Below, I have my unit overview, video resources, XP point overview, and primary assignments. (If you want the full collection of resources: check out my TpT store!)
Veteran and newbie AP teachers alike faced a difficult task this year: rewriting a curriculum to suit a new course description and frankly, a new test. As an AP teacher somewhere in the middle, I tried to embrace what was useful and build on what I already had (and honestly, cringed that I spent ALL last year compiling every single AP lesson).
One big mind shift was in regards to standards. As mentioned previously, I use Standards Based Grading, and in the past, I parcelled the FRQs out as Standard 5B: Analytic Writing (Rhetorical Analysis) and Standard 5C: Persuasive Writing (Synthesis and Argument). Now, however, with the new rubrics, the standards are pretty straightforward: thesis development, evidence and commentary, and sophistication and voice.
The greatest achievement in these changes, for me, is that my job is better spelled out. AP wants a defensible thesis; I can teach what that looks like and we can define "defensible." AP wants sophistication; I can break down the ways to do that as outlined in the new rubric.
Everyone else might be complaining, but I am actually a little relieved.
Because I am using a self-paced, individualized method, my students take notes on my instructional videos to start each unit. Below are my uploaded videos on thesis development and evidence/commentary.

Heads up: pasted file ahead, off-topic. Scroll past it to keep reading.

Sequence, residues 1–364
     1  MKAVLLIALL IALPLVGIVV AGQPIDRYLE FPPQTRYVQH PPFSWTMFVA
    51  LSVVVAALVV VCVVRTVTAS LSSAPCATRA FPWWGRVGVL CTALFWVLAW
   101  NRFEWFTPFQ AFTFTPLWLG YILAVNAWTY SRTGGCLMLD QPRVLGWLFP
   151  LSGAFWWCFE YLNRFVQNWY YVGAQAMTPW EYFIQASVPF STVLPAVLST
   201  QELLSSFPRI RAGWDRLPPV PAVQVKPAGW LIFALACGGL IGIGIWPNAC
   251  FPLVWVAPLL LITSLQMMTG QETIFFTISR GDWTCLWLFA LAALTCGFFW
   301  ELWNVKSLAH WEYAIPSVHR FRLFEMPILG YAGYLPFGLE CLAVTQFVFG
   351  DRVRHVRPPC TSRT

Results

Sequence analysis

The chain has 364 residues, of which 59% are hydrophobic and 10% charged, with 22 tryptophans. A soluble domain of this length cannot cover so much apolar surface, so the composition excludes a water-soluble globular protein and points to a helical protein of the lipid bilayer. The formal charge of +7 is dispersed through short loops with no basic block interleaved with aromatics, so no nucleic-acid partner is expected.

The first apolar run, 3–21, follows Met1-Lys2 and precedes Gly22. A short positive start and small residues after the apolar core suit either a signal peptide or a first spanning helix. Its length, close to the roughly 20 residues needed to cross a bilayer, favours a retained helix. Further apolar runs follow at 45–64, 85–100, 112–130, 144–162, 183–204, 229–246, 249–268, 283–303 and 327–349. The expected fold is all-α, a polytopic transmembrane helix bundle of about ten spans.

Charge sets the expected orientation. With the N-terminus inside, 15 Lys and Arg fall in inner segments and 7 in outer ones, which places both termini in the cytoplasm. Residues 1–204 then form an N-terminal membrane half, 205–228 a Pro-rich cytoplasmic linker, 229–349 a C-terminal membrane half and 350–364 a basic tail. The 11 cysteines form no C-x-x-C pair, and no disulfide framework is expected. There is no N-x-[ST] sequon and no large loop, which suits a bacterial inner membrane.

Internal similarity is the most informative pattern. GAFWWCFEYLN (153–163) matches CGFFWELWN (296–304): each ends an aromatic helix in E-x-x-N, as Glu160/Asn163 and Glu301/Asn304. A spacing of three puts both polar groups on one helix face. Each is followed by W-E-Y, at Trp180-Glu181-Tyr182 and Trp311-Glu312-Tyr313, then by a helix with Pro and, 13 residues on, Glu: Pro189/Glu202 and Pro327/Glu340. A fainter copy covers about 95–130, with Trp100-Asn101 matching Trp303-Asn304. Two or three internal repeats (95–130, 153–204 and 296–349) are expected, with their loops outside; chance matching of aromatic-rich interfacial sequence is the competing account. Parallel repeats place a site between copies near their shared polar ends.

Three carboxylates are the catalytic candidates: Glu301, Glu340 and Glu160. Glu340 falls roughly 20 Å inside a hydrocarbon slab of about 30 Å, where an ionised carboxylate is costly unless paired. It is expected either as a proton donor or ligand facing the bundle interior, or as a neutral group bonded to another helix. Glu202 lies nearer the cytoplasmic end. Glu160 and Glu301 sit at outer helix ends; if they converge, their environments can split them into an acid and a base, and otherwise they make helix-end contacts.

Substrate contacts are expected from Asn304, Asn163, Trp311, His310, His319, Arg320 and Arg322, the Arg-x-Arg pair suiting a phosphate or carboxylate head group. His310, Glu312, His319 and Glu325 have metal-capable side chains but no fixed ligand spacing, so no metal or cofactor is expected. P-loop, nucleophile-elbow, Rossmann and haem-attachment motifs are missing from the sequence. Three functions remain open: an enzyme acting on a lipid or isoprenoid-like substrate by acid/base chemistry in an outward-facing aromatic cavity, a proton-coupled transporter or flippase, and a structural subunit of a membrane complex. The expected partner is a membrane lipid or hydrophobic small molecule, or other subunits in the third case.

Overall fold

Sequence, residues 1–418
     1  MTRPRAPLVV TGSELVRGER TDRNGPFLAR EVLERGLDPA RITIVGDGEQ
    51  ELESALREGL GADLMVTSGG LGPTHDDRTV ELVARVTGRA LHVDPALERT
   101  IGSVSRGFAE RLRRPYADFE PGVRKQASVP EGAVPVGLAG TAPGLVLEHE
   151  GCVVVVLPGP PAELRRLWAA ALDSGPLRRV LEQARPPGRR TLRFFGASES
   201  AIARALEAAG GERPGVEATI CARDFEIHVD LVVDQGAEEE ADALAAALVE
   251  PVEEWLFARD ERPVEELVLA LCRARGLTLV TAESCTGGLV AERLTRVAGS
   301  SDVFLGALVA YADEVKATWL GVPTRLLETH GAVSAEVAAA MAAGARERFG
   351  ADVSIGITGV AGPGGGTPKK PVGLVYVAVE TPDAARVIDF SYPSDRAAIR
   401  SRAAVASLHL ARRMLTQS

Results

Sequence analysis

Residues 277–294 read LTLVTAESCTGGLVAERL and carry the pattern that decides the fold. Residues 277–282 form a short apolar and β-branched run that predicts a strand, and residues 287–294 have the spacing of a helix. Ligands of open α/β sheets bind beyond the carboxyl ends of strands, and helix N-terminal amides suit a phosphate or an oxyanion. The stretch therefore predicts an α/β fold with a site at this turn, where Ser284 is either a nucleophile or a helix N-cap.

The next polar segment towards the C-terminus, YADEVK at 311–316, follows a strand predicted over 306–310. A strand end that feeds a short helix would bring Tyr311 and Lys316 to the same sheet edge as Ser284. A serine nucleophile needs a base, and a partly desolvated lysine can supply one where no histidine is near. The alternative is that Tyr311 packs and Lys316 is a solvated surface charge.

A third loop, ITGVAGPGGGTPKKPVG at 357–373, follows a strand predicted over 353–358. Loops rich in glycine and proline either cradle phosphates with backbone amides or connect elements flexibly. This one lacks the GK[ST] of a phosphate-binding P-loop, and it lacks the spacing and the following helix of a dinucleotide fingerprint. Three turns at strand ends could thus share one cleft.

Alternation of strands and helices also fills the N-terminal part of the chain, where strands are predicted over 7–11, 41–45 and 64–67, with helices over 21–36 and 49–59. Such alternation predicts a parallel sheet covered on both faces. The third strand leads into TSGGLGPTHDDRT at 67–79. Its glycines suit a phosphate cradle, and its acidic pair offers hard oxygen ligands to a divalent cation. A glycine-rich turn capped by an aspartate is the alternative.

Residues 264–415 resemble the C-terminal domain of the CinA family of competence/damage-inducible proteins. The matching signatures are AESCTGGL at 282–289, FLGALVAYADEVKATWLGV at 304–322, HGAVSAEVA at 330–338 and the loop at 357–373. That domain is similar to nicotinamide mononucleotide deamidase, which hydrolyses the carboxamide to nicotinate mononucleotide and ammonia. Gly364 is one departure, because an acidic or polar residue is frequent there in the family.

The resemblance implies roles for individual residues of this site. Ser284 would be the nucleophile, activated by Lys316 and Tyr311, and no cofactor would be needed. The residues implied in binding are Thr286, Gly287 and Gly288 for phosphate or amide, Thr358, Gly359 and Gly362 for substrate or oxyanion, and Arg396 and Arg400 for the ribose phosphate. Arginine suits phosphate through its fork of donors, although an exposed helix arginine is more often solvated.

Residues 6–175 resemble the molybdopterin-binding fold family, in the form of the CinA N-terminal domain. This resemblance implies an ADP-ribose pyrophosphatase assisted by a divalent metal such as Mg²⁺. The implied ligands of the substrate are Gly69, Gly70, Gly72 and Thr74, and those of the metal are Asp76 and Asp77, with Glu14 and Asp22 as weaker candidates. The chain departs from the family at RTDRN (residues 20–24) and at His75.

Below is my base notes video overview. Then I model composing a thesis for all three question types.
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So there it is. I figured I could just sit on these until people find them or share them out. They aren't perfect - and I might even re-record some of them next year - but it's a start!
After a year of posting my lesson plans, I am so excited to be back, posting for a new year. As is my nature, I will turn things upside down this year, but I promise to keep posting new materials to help other teachers out there find their own success.
To be more specific, this year I am embarking on personalized instruction, meaning that curriculum will be catered to student need and choice. It will be flexible (which is my nightmare). It will be hard (which is my M. O.). But it will also be such an adventure.